Organizational attributes, for example, provide prospective employees with information about how it would be like to be part of this organization. For instance, a firm’s formal social programs or policies towards stakeholders or developing political and social issues may attract applicants by serving as signals of the firm’s goals and commitment. Likewise, the policy to provide day care facilities or to manage diversity has an influence on organizational attractiveness as an employer, because it signals willingness to attract women and minorities and to treat them in a fair manner Greening & Turban, 2000; Williams & Bauer, 1994).
Potential employees might interpret a company’s SSP as a signal about its organizational values and norms. These values and norms affect the applicant’s perceptions of the working conditions and therefore also the company’s attractiveness as an employer. Additionally, according to the person-organization fit theory (Kristin, 1996), it is expected “that the prospective Job applicant’s specific values will influence the extent to which a firm’s SSP influences that attraction” (Greening & Turban, 2000: 259).
Social Identity Theory influences human resources as well. This theory emphasizes that people classify themselves into specific social categories on the basis of different factors, as for example the organization they work for, and that the fact of being a member in those social categories influences people’s individual self-concept (Dutton, Dickered & Hairball, 1994; Turban & Greening, 1997). Hence, the self-image of employees is influenced by the reputation and the image of the employer.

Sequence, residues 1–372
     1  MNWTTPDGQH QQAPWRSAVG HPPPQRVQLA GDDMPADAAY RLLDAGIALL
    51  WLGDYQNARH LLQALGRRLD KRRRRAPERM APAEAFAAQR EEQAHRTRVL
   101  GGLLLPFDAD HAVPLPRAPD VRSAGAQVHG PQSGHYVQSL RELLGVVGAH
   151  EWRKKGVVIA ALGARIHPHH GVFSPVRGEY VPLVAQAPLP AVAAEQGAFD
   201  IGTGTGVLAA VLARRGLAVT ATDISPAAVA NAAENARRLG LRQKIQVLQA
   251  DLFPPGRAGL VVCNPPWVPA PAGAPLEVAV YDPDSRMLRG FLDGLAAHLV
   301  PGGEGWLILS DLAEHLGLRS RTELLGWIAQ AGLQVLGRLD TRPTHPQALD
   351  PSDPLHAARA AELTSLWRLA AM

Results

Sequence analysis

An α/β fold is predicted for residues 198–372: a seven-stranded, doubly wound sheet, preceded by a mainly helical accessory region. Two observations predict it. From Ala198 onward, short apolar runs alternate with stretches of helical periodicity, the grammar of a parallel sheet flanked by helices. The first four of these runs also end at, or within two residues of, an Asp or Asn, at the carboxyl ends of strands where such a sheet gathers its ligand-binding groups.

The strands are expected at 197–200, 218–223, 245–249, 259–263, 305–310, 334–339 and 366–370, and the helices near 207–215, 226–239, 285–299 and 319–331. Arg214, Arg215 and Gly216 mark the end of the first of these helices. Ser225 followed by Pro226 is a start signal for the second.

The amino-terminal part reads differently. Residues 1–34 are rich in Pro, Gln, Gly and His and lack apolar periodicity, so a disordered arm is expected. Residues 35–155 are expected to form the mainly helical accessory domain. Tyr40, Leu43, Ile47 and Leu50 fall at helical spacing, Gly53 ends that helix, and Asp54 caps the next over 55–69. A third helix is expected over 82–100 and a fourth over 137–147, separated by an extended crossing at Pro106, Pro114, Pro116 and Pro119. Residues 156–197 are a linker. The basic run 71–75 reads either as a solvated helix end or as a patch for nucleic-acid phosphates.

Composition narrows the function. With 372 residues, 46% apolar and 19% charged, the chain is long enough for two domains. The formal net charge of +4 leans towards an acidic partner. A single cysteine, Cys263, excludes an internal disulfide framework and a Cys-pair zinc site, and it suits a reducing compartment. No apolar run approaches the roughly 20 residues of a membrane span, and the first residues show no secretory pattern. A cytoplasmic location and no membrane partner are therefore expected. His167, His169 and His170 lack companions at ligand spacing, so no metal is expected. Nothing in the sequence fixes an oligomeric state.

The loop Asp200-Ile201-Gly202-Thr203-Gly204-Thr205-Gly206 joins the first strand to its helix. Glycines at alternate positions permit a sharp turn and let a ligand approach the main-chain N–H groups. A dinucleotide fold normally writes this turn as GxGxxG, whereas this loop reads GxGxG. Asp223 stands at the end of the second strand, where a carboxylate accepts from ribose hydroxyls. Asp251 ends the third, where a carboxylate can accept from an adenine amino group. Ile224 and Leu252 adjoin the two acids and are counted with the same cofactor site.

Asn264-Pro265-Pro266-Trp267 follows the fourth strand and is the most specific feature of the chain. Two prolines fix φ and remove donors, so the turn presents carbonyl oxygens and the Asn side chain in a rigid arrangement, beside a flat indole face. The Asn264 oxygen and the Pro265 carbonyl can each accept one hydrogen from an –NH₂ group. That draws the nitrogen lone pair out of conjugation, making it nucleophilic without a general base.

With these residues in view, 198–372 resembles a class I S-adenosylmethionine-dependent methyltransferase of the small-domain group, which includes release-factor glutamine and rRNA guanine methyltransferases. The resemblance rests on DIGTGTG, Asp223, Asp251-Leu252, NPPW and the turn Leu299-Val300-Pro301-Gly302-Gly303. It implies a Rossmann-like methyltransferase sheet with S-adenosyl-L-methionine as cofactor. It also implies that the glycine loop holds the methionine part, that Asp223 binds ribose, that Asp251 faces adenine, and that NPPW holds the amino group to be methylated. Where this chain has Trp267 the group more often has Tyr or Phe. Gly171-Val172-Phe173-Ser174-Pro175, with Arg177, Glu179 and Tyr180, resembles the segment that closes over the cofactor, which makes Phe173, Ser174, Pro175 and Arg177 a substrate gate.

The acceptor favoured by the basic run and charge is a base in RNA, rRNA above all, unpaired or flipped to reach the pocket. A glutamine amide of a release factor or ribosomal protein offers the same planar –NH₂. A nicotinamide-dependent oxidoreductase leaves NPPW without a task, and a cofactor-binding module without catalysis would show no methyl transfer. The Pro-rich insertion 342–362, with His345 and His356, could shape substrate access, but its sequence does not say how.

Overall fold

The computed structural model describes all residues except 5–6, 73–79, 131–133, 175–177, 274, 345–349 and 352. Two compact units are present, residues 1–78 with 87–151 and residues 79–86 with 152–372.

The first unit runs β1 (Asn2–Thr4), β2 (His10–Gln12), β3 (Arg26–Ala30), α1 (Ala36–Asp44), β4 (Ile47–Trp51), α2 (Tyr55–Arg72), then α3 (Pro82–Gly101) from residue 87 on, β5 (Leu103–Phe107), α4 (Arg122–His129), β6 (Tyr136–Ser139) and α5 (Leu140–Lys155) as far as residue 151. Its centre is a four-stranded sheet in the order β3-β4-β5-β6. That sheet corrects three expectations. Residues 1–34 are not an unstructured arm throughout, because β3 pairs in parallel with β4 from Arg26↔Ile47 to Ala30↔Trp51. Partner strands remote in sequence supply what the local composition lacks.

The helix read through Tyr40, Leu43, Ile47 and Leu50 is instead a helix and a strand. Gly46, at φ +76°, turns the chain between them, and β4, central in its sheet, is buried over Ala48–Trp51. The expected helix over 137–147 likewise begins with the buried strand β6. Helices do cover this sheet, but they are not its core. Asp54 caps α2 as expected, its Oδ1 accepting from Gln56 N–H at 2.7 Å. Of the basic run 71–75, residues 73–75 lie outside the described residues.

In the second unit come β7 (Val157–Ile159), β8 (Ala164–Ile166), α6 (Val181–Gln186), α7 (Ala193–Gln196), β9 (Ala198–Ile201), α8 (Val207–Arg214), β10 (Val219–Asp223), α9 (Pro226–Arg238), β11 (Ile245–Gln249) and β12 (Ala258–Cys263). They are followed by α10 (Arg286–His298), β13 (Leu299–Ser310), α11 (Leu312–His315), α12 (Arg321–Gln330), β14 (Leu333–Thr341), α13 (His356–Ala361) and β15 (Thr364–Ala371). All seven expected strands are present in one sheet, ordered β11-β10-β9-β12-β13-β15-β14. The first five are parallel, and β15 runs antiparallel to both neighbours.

As mentioned earlier, a firm’s reputation is affected to a large extent by its corporate social performance. Consequently, social identity theory suggests that employees working for a firm with strong SSP will experience positive outcomes, such as an enhanced self-concept, just by being employed in this socially responsible firm (Greening & Turban, 2000). Furthermore, as potential employees might expect to experience this enhanced self- concept, the attractiveness of firms that put a strong focus on acting socially responsible is positively affected as well.
Definition of Research Gaps After having presented theories that suggest that the right employees can lead to a sustained competitive advantage and that there is relationship between CARS activities of an organization and its human resources, this article will now focus on issues where more research is needed in order to fully understand these relationships. Generally, there exists an almost inexhaustible amount of literature that analyzes the relationship of a firm’s SSP and its COP. A far smaller body of literature focuses on the link between SSP and human resources.
Most of these articles build up theories and make suggestions, but not that much empirical research has been conducted yet to actually prove these theories or to contradict them. Research suggests that potential applicants are very aware of a company’s SSP and that companies with a good CARS rating have a competitive advantage, because hey attract a larger amount of applicants and applicants that are of high quality. However, these studies by Greening and Turban (2000) and Turban and Greening (1997) are based on a survey of 39 students or even Just 34, respectively.